elements, try and get the first one from children if any, create a new
one if necessary, change the break context (column, page) if needed,
etc., rather than simply request the applicable children LMs for their
break-before values. And again, in the case of tables that means that
the merging algorithm needs to deal with many possibilities of break
elements to occur. That’s really not its job I think.


That may simplify code as well (and improve its readability) as
some form of pull method is necessary anyway (the
mustKeepWithPrevious/WithNext/Together methods).

Keeps are a different story indeed. Big difference is that keeps have
strengths, and breaks do not.

Yes, but keeps and breaks are handled at the same place, mainly, when
a LM considers the stacking of children LMs (BlockLM, for example). And
the treatment is very similar.

The point is that the layoutengine/-algorithm can focus on the keeps, since the breaks would have been 'normalized' (since it is very easy to do so; for keeps this much less straightforward, since the strengths need to be considered as well, so that might indeed lead to unnecessary overhead when done too early)

<snip />

I wouldn't really see this as a problem. The related methods will never
be called, unless there is a flaw in our logic[*]. To stress the fact
that they serve no purpose there, we could add overrides that always
return false.

That really looks like bad design to me. If some methods don’t apply to
an object then that object shouldn’t inherit the related
class/interface.

I don't see this as bad design, just a few subclasses for which the inherited methods are useless/not applicable. That will happen in virtually any context. Reality is /very/ badly designed. Alas, no developer to take the blame for that. ;-)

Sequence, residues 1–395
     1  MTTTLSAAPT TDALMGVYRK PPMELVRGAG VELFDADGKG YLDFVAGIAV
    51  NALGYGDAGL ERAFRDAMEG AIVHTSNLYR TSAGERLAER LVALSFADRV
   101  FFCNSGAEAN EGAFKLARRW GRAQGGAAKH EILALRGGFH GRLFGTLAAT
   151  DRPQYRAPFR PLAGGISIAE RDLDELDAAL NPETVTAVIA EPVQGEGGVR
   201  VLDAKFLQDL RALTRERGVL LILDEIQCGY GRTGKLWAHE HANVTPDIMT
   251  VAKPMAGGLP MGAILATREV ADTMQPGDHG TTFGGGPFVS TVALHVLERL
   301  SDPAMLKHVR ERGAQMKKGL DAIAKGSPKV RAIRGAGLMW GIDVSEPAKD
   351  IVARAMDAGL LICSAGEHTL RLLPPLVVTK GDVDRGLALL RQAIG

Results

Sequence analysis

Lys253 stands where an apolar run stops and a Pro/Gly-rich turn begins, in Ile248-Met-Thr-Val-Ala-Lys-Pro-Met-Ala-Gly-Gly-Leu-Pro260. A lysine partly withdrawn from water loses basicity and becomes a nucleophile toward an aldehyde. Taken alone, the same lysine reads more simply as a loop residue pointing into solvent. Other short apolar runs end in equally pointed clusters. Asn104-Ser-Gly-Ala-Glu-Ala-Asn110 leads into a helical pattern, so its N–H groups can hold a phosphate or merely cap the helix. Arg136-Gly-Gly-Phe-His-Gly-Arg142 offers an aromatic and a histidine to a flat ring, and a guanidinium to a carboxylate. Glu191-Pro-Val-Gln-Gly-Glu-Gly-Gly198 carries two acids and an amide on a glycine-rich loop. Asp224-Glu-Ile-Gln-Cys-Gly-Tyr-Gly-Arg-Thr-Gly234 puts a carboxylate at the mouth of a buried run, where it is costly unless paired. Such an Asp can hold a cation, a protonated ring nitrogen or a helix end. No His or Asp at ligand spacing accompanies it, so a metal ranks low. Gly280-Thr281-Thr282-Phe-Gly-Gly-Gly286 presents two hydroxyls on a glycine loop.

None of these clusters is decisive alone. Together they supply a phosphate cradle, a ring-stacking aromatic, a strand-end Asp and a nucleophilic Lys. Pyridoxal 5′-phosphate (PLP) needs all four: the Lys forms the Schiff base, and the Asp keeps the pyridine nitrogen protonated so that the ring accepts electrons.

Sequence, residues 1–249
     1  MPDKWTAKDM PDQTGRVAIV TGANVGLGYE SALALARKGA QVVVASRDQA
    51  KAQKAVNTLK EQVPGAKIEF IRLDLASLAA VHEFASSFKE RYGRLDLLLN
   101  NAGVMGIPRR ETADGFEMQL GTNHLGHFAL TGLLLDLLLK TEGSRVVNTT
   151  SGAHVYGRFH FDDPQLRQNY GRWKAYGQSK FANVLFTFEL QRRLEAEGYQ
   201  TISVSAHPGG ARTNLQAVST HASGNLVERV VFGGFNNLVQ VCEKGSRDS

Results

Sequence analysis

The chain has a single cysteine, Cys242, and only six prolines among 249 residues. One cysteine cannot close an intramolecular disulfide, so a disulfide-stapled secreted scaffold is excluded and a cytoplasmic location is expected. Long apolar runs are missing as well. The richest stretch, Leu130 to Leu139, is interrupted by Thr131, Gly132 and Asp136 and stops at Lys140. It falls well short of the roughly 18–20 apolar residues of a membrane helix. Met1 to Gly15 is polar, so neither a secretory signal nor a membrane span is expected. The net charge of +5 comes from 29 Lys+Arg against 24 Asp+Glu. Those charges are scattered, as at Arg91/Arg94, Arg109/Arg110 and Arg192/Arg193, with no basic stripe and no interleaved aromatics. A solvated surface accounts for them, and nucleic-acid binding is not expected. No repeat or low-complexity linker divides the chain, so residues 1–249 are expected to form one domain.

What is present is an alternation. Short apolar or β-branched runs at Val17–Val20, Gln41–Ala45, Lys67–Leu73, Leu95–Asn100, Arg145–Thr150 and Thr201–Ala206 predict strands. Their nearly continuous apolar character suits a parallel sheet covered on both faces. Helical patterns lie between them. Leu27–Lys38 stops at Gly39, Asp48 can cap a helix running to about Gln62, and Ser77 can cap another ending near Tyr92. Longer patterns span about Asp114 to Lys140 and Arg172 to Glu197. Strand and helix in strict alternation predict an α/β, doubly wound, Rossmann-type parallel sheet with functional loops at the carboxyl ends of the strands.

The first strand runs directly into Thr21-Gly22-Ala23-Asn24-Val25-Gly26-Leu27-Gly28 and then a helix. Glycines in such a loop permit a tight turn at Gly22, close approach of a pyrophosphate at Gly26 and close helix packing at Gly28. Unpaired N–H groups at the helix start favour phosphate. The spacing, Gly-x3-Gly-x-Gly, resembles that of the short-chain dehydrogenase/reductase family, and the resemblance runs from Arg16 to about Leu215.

Seriously, as you said, to a great extent this is a matter of taste.

<snip />
That's a special case, since in principle a graphic does not itself
consist of more layout-objects that need to be stacked. To the
layoutengine, a graphic is simply a monolithic box. Graphics are inline by definition nonetheless, so it could be InlineStackingLM with the same
reservations as for FlowLM and StaticContentLM, but for other methods
(the actual 'inline-stacking' can be considered to be delegated to the
producer of the graphic, here).

So it’s not stacking, but stacked. Might make sense to introduce that
concept, actually.

Mmmmno, I think...
What I mean is: from the layoutengine's point-of-view, the elements of the graphic don't matter. If you include SVG, FOP calls on Batik, passing a reference to the SVG and the viewport dimensions. With a little imagination, you could say that Batik 'stacks' the graphic's elements properly (compliant to the SVG Rec). That is not a concern for a GraphicLM like it is for an InlineLM.

To sum up, my main concern is to find code for a same functionality at
several places of the codebase. Some form of treatment is necessary at
the LM level anyway, so why not just put all the code there? It may also
be good to keep FO tree building code as much independent as possible
from the layout code. Simpler, easier to understand, easier to debug,
easier to replace a component which another one, etc. The collaborative
approach you’re proposing looks interesting, but for practical reasons
it may be best to keeps things separated. The codebase is quite large
and it’s difficult to have a detailed understanding of all its parts.
That might be good to be able to concentrate on just one part. Easier
for newcomers, too.


WDYT?

Good enough for me. I certainly did not mean to keep you from going about it. As long as it's an improvement when compared to the current situation, I don't really have /strong/ feelings on how it /should/ be done.


Cheers

Andreas